I’m not sure which polls late-night TV host Jimmy Kimmel is citing in his prefatory remarks, which include the claim that “Americans don’t like Obamacare but love what’s in it.” Nevertheless, his man-on-the-street interviews paint a sobering picture of Americans’ ignorance when it comes to the president’s signature health care reform law — the bone of contention that led to the current partial government shutdown.
The hilarious experiment is an indictment as well of the law’s complexity: In its original incarnation it was 2,700 pages long.
In the video, passersby are asked which plan they support, Obamacare or the Affordable Care Act. The first respondent is typical. She says of Obamacare:
I just think there’s a lot of holes in it and that it needs to be revamped. I just think it hasn’t been thought out.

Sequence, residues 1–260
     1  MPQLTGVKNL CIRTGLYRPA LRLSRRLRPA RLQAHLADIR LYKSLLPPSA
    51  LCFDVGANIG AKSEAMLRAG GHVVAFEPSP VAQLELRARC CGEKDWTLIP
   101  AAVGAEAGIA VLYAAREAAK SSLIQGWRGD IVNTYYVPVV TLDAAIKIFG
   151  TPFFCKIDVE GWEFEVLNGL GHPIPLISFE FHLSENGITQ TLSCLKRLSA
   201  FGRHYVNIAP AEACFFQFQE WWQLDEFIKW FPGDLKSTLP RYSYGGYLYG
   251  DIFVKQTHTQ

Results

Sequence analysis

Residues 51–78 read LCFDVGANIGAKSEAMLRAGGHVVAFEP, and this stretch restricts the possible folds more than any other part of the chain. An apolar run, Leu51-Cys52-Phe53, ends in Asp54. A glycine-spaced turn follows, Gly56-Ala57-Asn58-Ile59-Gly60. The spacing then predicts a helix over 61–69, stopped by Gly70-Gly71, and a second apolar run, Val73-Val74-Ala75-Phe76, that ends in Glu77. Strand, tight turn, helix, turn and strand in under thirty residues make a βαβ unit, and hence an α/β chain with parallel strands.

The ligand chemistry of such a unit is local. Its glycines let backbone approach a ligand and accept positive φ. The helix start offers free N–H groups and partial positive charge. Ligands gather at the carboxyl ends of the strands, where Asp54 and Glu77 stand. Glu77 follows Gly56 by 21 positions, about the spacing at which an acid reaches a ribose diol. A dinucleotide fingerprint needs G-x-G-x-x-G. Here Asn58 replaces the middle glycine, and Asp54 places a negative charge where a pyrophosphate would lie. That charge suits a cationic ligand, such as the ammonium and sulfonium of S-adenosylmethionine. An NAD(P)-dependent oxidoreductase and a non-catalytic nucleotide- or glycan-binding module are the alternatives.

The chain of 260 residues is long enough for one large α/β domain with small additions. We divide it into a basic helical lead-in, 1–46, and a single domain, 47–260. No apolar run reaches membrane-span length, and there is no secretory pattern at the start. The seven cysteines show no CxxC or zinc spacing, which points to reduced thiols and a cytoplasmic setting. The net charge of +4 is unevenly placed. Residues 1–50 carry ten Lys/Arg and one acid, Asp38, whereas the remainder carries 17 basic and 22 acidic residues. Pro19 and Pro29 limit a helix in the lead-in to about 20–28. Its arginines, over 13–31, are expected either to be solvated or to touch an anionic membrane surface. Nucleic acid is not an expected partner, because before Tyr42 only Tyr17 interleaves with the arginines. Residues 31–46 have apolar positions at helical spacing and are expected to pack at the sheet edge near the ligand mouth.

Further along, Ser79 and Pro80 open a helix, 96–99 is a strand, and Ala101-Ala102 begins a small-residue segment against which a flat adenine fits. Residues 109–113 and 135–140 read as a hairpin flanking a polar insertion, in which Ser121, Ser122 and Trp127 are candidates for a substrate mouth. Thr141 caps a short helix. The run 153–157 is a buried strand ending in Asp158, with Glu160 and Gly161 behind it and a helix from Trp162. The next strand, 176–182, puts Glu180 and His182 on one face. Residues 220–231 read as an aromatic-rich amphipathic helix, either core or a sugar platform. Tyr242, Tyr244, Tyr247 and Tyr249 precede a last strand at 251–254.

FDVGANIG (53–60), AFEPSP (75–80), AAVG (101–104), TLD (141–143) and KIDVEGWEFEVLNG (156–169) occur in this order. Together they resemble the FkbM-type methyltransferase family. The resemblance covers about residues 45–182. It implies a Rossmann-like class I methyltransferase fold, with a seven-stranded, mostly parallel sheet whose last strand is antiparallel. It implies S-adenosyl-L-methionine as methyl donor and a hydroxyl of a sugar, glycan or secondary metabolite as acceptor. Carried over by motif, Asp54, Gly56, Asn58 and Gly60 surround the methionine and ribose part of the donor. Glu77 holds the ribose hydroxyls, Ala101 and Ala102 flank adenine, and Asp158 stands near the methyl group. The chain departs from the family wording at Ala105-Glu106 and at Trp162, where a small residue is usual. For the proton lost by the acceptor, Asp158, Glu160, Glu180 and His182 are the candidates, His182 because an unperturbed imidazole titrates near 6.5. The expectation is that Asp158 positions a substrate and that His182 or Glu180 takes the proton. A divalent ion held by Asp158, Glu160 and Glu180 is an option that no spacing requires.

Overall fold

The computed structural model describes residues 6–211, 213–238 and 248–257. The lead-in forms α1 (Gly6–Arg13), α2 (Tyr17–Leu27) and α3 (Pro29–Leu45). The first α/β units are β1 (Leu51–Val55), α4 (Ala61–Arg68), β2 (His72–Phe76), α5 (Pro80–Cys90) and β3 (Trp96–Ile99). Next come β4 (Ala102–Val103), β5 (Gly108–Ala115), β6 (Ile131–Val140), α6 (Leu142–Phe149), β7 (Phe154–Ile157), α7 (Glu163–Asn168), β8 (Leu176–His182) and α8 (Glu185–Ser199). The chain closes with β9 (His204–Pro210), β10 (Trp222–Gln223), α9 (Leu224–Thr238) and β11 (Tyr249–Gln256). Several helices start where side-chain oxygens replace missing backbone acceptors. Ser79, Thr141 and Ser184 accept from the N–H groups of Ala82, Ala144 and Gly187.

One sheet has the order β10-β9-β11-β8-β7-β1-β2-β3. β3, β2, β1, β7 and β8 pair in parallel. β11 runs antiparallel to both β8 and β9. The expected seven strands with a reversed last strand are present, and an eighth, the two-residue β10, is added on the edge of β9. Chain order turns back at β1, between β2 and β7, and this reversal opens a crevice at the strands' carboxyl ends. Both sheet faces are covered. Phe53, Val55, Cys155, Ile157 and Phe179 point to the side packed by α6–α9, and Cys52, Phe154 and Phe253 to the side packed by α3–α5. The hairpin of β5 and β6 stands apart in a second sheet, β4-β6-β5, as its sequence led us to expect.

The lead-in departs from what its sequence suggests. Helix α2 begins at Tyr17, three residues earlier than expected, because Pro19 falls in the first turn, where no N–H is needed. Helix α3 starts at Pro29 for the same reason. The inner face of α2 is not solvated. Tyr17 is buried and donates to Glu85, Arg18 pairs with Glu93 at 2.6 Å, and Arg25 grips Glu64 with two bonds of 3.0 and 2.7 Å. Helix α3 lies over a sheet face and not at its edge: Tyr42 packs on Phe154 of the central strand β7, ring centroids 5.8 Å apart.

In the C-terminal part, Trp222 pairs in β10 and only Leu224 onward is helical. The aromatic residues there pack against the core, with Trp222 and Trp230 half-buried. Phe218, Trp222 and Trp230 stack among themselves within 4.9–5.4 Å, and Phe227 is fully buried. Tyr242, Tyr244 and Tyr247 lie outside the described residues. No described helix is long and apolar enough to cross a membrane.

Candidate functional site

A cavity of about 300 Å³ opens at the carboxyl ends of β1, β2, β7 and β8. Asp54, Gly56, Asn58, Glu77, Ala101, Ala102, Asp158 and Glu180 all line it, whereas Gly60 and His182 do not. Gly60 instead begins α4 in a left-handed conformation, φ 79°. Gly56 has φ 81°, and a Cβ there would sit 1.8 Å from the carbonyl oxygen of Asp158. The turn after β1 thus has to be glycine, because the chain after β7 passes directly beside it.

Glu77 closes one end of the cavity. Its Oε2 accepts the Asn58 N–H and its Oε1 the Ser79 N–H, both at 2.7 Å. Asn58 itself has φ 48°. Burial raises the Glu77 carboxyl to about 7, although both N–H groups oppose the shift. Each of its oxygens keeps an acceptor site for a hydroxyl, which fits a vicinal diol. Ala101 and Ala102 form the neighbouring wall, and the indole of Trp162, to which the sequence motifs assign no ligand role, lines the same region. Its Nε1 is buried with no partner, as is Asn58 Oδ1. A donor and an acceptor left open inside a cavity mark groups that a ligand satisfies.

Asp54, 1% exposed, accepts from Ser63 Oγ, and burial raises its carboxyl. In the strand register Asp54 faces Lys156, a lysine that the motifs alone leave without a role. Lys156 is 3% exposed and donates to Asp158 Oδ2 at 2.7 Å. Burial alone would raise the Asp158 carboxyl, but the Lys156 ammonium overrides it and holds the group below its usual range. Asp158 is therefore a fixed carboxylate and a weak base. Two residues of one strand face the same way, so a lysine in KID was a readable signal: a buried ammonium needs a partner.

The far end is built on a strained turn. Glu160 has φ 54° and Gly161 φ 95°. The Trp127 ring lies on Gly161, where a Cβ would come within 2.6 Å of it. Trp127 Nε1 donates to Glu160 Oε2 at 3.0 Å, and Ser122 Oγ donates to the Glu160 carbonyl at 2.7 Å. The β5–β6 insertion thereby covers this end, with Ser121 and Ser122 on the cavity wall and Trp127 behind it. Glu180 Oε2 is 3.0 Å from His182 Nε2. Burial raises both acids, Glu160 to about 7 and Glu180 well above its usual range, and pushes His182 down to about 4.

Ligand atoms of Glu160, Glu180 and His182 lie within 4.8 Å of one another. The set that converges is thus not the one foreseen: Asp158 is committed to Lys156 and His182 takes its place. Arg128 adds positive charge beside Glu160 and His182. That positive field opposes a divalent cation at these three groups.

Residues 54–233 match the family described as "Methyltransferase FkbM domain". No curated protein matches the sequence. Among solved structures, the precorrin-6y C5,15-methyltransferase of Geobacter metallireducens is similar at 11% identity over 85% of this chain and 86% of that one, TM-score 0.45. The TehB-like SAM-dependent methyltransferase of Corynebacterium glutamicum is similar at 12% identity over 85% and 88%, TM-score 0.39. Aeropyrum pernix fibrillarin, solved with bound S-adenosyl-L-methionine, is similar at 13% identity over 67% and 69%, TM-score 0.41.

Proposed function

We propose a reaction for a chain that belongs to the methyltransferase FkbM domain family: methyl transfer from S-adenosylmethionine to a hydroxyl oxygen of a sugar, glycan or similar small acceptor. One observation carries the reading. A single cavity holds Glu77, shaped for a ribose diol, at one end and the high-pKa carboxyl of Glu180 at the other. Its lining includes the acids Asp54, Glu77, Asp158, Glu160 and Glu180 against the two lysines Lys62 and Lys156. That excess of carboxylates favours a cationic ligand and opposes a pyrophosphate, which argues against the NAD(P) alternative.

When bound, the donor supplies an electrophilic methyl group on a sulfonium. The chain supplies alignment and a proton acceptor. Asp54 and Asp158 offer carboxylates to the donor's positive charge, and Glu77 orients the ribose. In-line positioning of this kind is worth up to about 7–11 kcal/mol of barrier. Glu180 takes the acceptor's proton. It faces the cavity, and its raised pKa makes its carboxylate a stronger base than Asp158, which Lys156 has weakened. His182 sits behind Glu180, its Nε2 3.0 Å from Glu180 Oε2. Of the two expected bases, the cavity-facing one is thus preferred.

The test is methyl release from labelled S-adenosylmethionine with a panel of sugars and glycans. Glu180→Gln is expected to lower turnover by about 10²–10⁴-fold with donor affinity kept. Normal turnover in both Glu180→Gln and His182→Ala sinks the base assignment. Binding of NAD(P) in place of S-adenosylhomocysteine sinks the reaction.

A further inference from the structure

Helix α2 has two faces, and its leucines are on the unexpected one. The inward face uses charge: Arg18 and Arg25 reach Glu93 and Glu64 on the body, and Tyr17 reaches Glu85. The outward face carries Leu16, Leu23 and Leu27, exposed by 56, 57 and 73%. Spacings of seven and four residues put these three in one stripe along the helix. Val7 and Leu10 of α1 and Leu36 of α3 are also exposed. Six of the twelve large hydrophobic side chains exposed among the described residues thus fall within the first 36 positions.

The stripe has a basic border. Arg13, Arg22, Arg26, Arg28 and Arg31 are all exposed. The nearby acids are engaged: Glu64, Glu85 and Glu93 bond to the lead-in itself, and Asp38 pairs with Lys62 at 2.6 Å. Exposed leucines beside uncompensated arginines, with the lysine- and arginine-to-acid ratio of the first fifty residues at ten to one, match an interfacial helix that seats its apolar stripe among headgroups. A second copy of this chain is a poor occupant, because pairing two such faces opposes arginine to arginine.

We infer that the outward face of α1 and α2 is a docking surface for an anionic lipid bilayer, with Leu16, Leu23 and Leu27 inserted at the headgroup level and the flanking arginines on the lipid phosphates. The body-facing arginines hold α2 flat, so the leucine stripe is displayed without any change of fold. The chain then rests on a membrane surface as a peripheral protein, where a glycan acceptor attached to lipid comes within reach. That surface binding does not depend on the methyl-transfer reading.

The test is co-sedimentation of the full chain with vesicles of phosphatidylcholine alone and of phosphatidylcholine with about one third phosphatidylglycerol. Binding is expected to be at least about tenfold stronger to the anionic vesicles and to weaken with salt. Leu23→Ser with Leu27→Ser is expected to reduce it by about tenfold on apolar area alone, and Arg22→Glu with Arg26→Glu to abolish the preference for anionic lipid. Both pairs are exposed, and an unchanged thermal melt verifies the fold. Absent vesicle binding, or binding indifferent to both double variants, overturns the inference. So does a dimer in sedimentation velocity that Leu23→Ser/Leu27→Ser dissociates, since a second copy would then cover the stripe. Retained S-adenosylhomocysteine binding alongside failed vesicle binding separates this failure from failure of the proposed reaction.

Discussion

The studio audience chuckles as this woman and others struggle to explain the difference between the “competing laws” and their predilections, but a CNBC poll from last week suggests it’s no laughing matter. Of those queried, 46% said they were opposed to Obamacare, while only 37% said they opposed the Affordable Care Act.
Another poll, jointly conducted by the Kaiser Family Foundation and NBC, found that 51% of Americans who are currently insured said they didn’t have enough information about the law to understand how it would impact them and their families. When the same question was posed to those currently uninsured, the percentage jumped up to 67. The poll also found that 74% of uninsured Americans had no idea when the state health insurance exchanges were scheduled to open.
So much for the president’s repeated efforts to educate the public on the benefits of the law through countless speeches and PR pushes.